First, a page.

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SPEECH
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[ Also see Accent Argument Censorship Conversation Discussion Eloquence Free Speech Gossip Language Linguists Loquacity Names Noise Orators Oratory Repartee Rhetoric Satire Silence Slander Style Talk Talking Thought Tongue Voice Wit Words ]

When speech is given to a soul holy and true, time, and its dome of ages, becomes as a mighty whispering-gallery, round which the imprisoned utterance runs, and reverberates forever.
      - James Martineau

Though his tongue
  Dropp'd manna, and could make the worse appear
    The better reason, to perplex and dash
      Maturest counsels.
      - John Milton, Paradise Lost
         (bk. II, l. 112)

When Adam first of men,
  To first of women Eve, thus moving speech,
    Turn'd him all ear to hear new utterance flow.
      - John Milton, Paradise Lost
         (bk. IV, l. 408)

When we are understood, we always speak well, and then all your fine diction serves no purpose.
      - Moliere (pseudonym of Jean Baptiste Poquelin)

To speak prose without knowing it.
  [Fr., Faire de la prose sans le savoir.]
      - Moliere (pseudonym of Jean Baptiste Poquelin),
        Bourgeois Gentilhomme (II, 6)

Then we are understood, we always speak well, and then all your fine diction serves no purpose.
  [Fr., Quand on se fair entendre, on parle toujours bien,
    Et tous vos beaux dictons ne servent de rien.]
      - Moliere (pseudonym of Jean Baptiste Poquelin),
        Les Femmes Savantes (II, 6)

I shall make you an impromptu at my leisure.
  [Fr., Je vous ferai un impromptu a loisir.]
      - Moliere (pseudonym of Jean Baptiste Poquelin),
        Les Precieuses Ridicules (I, 12)

It was whispered balm, it was sunshine spoken!
      - Thomas Moore

If you your lips would keep from slips,
  Five things observe with care;
    To whom you speak, of whom you speak,
      And how, and when, and where.
      - William Edward Norris, Thirlby Hall
         (vol. I, p. 315)

War is peace. Freedom is slavery. Ignorance is strength.
      - George Orwell (pseudonym of Eric Blair),
        1984 (pt. 1, ch. 1)

In our time, political speech and writing are largely the defence of the indefensible.
      - George Orwell (pseudonym of Eric Blair),
        Shooting an Elephant

When you speak to any, especially of quality, look them full in the face; other gestures betraying want of breeding, confidence, or honesty; dejected eyes confessing, to most judgments, guilt or folly.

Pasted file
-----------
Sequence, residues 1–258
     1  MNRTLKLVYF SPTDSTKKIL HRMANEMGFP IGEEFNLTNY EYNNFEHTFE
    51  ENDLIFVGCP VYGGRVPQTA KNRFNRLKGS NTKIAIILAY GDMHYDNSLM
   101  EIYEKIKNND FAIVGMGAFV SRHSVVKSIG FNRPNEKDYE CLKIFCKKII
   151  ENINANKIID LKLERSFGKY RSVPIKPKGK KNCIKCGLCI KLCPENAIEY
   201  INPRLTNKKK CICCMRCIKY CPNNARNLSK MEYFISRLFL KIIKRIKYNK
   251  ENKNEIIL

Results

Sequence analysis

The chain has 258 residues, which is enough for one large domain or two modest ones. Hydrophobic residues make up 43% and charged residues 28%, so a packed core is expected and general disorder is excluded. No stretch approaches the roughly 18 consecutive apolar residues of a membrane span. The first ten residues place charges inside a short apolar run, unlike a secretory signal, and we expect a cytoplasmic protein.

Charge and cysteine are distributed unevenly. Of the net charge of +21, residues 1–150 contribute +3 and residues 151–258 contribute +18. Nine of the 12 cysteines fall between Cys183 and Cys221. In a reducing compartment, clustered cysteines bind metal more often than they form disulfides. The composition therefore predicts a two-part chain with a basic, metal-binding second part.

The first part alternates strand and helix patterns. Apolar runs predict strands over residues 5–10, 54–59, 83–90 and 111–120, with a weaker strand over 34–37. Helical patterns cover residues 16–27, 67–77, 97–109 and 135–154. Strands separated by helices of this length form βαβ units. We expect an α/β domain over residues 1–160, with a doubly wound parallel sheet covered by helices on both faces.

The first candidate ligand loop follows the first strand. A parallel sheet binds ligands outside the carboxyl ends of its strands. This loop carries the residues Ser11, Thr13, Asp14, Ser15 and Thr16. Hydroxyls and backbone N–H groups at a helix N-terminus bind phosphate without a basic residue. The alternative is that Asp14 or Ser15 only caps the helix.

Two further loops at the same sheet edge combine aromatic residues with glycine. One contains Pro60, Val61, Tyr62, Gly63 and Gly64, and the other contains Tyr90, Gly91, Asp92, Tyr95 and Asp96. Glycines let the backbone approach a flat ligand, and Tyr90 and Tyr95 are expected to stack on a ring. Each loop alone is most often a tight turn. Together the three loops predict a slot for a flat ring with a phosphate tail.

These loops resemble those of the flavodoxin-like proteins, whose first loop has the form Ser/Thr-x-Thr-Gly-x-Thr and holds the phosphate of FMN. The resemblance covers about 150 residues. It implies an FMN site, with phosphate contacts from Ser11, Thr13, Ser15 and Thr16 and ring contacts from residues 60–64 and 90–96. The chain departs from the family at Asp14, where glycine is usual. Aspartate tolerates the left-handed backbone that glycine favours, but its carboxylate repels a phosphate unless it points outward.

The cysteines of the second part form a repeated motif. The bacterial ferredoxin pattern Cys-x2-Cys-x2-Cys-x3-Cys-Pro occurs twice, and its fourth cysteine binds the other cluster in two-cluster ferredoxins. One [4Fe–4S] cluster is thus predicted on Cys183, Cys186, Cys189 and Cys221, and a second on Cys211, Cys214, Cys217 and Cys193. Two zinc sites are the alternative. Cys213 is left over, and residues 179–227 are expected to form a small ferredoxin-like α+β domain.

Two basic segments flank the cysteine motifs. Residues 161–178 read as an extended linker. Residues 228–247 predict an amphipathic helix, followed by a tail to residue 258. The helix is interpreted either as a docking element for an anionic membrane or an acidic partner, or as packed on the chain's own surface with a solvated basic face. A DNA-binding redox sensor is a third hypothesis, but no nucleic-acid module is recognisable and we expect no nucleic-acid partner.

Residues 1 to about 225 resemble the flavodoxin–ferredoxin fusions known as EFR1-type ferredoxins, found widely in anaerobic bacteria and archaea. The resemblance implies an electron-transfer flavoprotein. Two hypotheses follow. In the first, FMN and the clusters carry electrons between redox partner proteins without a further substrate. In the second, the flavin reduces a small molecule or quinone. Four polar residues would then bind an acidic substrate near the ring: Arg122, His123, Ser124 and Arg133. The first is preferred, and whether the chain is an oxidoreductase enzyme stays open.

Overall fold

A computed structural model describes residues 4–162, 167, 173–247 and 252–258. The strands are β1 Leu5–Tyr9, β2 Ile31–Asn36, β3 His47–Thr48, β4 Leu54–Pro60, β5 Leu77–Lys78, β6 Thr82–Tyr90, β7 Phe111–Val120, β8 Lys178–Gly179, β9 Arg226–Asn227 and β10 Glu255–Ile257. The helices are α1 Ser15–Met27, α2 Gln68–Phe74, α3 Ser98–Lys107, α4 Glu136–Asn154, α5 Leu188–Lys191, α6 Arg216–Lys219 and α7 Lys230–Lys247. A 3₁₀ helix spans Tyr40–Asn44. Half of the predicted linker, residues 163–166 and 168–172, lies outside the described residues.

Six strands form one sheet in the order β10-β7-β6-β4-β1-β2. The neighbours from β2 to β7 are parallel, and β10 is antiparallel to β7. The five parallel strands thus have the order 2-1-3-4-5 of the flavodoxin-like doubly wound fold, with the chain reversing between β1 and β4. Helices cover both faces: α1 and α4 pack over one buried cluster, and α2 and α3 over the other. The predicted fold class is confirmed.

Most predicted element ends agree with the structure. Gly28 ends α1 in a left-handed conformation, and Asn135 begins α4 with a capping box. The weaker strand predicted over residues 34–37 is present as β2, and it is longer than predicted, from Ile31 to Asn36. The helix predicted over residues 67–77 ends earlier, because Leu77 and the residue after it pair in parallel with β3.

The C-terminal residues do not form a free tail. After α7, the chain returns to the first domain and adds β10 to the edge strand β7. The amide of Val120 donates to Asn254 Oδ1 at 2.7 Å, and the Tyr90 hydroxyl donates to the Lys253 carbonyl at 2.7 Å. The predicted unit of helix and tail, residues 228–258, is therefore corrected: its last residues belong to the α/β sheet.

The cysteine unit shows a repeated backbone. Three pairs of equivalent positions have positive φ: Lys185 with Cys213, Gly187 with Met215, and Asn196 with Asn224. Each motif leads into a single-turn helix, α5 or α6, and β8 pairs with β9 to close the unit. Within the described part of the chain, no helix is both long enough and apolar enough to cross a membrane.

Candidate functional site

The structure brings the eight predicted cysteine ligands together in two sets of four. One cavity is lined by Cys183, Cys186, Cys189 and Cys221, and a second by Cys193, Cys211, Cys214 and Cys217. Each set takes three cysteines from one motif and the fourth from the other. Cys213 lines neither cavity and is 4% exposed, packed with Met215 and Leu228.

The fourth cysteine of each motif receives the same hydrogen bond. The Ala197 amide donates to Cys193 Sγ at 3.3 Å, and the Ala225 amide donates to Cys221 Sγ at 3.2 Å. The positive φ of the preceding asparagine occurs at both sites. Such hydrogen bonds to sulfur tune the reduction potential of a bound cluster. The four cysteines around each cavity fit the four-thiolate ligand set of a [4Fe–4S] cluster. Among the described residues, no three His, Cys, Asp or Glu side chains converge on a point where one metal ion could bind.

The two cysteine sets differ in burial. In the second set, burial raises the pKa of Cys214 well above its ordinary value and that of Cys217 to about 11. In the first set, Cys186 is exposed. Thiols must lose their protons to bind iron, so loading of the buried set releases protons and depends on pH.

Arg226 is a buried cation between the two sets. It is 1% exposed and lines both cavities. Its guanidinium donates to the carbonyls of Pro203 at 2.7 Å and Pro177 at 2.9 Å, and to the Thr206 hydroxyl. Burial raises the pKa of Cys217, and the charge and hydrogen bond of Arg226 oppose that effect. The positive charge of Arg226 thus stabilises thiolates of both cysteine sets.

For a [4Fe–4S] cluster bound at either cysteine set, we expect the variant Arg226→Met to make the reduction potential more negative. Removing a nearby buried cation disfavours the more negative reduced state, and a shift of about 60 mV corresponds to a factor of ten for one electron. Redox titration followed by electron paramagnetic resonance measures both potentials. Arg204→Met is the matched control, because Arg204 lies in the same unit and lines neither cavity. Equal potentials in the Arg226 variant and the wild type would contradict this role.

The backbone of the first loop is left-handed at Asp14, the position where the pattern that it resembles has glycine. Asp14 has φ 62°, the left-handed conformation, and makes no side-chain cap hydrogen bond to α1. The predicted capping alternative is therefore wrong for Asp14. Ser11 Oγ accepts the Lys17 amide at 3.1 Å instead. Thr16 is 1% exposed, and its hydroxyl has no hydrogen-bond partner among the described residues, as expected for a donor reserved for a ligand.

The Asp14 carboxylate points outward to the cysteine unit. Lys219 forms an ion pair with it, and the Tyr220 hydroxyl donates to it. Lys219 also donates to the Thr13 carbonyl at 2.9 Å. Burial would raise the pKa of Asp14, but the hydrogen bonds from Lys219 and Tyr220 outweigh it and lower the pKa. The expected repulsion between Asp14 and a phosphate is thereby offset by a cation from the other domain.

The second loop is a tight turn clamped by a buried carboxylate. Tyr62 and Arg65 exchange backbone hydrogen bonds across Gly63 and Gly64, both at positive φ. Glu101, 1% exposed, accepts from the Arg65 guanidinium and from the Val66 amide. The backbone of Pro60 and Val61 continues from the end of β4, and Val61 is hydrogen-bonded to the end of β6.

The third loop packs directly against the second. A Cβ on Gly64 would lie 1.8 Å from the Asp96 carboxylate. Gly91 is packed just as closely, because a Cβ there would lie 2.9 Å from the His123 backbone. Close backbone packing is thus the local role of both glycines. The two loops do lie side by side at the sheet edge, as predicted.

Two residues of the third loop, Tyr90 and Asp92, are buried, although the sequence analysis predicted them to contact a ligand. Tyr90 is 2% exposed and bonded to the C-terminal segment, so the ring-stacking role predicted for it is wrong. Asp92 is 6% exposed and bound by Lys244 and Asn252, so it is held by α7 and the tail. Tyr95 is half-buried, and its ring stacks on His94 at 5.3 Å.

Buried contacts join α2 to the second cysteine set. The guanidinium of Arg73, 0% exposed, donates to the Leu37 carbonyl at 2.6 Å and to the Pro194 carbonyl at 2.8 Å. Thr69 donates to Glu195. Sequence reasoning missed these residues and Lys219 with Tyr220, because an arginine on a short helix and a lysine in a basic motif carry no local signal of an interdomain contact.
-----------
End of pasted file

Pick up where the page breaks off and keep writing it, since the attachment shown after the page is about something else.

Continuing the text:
- Francis Osborne (Osborn)

I am a barbarian here, because I am not understood by anyone.
  [Lat., Barbarus his ego sum, quia non intelligor ulli.]
      - Ovid (Publius Ovidius Naso), Tristia
         (bk. V, 10, 37)

Do you wish people to speak well of you?
  Then do not speak at all yourself.
    [Fr., Voulez-vous qu'on croie du bien de vous?
      N'en dites point.]
      - Blaise Pascal, Pensees (VI, 59)

You follow words of the toga (language of the cultivated class).
  [Lat., Verba togae sequeris.]
      - Persius (Aulus Persius Flaccus), Satires
         (5, 14)

Rhetoric is the art of ruling the minds of men.
      - Plato (originally Aristocles},
        see Plutarch "Life of Pericles"

You drown him by your talk.
      - Plautus (Titus Maccius Plautus)

It is a tiresome way of speaking, when you should despatch the business, to beat about the bush.
  [Lat., Odiosa est oratio, cum rem agas, longinquum loqui.]
      - Plautus (Titus Maccius Plautus), Mercator
         (III, 4, 23)

He speaks to a dead man (i.e. wastes words).
  [Lat., Verba facit mortuo.]
      - Plautus (Titus Maccius Plautus), Poenulus
         (act IV, 2, 18)

In the pleading of cases nothing pleases so much as brevity.
      - Pliny the Younger (Caius Caecilius Secundus),
        Epistles (bk. I, 20)

Demosthenes overcame and rendered more distinct his inarticulate and stammering pronunciation by speaking with pebbles in his mouth.
      - Plutarch

Themistocles replied that a man's discourse was like to a rich Persian carpet, the beautiful figures and patterns of which can only be shown by spreading and extending it out; when it is contracted and folded up, they are obscured and lost.
      - Plutarch

Abstruse questions must have abstruse answers.
      - Plutarch, Life of Alexander

Speech is like cloth of Arras opened and put abroad, whereby the imagery doth appear in figure; whereas in thoughts they lie but as packs.
      - Plutarch, Life of Themistocles

In their declamations and speeches they made use of words to veil and muffle their design.
      - Plutarch, On Hearing (V), of the Sophists


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